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|Migration Histories > Jewish > Settling|
Long before the First World War put a stop to immigration from Eastern Europe, the Eastern Europeans in Manchester had begun to shed their cultural baggage and adopt English ways. This resulted partly from the Anglo-Jewish establishment's determination to anglicise them, for fear that alien habits would provoke anti-Semitism. Schools, charities and social organisations were set up, offering material, educational and social support, along with pressure to abandon Yiddish and adapt to English ways.
Notable among the initiatives were the Manchester Jews' School (founded in 1840, which moved into larger, purpose-built premises in 1869), the Jewish Board of Guardians (1867), the Jewish Ladies' Visiting Society (1884), the Jewish Working Men's Club (1886) and the Jewish Lads Brigade, of which a Manchester Battalion was founded in 1899.
At the same time, the immigrants were themselves adapting to English life, absorbing the customs of their Christian neighbours and fellow workers. The first cricket teams that included immigrant Jewish players appeared in local leagues in 1907.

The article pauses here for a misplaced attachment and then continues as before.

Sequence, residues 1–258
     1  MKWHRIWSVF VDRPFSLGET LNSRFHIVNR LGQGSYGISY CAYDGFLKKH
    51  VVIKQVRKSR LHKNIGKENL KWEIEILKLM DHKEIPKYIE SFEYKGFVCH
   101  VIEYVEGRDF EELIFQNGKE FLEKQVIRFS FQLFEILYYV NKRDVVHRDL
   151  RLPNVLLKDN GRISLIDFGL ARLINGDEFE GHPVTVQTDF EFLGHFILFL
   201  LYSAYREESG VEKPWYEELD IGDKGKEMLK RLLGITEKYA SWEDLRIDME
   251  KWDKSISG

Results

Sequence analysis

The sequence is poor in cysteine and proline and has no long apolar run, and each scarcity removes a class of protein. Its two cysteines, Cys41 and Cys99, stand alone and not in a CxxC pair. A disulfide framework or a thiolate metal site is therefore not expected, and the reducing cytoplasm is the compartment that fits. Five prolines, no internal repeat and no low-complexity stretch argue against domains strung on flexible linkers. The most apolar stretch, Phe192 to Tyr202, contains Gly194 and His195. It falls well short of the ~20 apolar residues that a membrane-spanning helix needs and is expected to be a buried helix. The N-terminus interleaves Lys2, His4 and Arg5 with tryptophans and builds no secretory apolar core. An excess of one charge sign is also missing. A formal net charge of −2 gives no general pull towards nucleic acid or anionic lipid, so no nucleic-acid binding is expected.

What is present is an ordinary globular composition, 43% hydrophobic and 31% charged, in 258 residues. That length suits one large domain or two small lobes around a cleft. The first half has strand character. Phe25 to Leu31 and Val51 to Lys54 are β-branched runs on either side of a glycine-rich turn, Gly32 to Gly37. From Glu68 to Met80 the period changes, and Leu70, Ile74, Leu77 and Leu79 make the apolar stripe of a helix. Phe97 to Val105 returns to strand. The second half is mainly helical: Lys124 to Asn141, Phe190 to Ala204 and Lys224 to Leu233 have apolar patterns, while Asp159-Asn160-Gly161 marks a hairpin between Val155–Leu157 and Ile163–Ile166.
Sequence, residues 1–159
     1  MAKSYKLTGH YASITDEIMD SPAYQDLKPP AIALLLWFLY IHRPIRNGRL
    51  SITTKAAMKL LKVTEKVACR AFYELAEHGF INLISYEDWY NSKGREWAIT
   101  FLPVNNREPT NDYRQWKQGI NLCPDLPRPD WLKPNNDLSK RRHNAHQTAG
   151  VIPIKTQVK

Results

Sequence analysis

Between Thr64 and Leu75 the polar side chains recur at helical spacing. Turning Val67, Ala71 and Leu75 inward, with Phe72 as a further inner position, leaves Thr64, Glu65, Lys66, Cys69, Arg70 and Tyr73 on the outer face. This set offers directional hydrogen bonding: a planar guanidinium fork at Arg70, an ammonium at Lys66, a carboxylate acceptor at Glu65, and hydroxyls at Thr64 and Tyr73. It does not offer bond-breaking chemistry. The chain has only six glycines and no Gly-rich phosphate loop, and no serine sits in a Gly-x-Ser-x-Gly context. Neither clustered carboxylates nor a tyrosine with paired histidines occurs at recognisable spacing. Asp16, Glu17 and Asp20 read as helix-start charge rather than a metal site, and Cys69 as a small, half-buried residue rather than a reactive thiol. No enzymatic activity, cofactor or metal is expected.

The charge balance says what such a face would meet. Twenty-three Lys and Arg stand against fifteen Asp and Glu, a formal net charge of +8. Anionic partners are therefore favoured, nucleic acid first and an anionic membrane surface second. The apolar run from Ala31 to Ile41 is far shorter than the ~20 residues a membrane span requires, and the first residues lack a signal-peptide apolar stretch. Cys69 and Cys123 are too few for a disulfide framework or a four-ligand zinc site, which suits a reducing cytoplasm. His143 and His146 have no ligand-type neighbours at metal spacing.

In their escape from village poverty in Eastern Europe, the immigrants were plunged into appalling urban conditions in the immigrant trades. Jewish trade unions, like the Jewish Machiners, Tailors and Pressers Trade Union, together with English unions with strong Jewish membership, like the Alliance Union of Capmakers, embarked on what turned out to be a long struggle with their Jewish employers for better pay and working conditions.
Immigrants were also attracted to such political bodies as the Socialist League and the Manchester Anarchists. At least two Jewish members of the latter were arrested at protest meetings in Manchester in 1893-1894. A tradition of Socialism and Trade Unionism thus evolved in Jewish Manchester alongside a legacy of commercial enterprise.
Creators: Bill Williams
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